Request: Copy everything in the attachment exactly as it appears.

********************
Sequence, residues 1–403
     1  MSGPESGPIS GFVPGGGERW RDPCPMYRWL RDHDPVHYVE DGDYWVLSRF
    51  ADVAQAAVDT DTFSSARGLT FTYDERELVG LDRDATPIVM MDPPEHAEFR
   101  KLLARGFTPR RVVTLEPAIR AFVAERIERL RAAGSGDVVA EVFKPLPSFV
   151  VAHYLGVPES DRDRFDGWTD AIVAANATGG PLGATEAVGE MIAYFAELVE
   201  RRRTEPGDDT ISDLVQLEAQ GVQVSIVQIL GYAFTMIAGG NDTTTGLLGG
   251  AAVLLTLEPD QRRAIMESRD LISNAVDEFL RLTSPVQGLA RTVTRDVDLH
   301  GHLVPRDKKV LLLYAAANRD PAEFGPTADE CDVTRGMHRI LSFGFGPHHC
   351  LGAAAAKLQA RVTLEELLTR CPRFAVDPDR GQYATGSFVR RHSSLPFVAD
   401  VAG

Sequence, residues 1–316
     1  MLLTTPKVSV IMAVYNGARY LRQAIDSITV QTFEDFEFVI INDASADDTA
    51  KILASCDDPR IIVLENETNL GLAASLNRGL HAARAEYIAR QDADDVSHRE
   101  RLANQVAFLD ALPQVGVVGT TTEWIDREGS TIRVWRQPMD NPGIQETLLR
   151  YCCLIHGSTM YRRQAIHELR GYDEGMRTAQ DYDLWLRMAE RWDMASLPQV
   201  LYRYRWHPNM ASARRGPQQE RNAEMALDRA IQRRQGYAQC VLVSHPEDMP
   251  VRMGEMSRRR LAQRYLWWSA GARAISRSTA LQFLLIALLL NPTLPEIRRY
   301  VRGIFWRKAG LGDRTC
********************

Sequence, residues 1–403
     1  MSGPESGPIS GFVPGGGERW RDPCPMYRWL RDHDPVHYVE DGDYWVLSRF
    51  ADVAQAAVDT DTFSSARGLT FTYDERELVG LDRDATPIVM MDPPEHAEFR
   101  KLLARGFTPR RVVTLEPAIR AFVAERIERL RAAGSGDVVA EVFKPLPSFV
   151  VAHYLGVPES DRDRFDGWTD AIVAANATGG PLGATEAVGE MIAYFAELVE
   201  RRRTEPGDDT ISDLVQLEAQ GVQVSIVQIL GYAFTMIAGG NDTTTGLLGG
   251  AAVLLTLEPD QRRAIMESRD LISNAVDEFL RLTSPVQGLA RTVTRDVDLH
   301  GHLVPRDKKV LLLYAAANRD PAEFGPTADE CDVTRGMHRI LSFGFGPHHC
   351  LGAAAAKLQA RVTLEELLTR CPRFAVDPDR GQYATGSFVR RHSSLPFVAD
   401  VAG

Sequence, residues 1–316
     1  MLLTTPKVSV IMAVYNGARY LRQAIDSITV QTFEDFEFVI INDASADDTA
    51  KILASCDDPR IIVLENETNL GLAASLNRGL HAARAEYIAR QDADDVSHRE
   101  RLANQVAFLD ALPQVGVVGT TTEWIDREGS TIRVWRQPMD NPGIQETLLR
   151  YCCLIHGSTM YRRQAIHELR GYDEGMRTAQ DYDLWLRMAE RWDMASLPQV
   201  LYRYRWHPNM ASARRGPQQE RNAEMALDRA IQRRQGYAQC VLVSHPEDMP
   251  VRMGEMSRRR LAQRYLWWSA GARAISRSTA LQFLLIALLL NPTLPEIRRY
   301  VRGIFWRKAG LGDRTC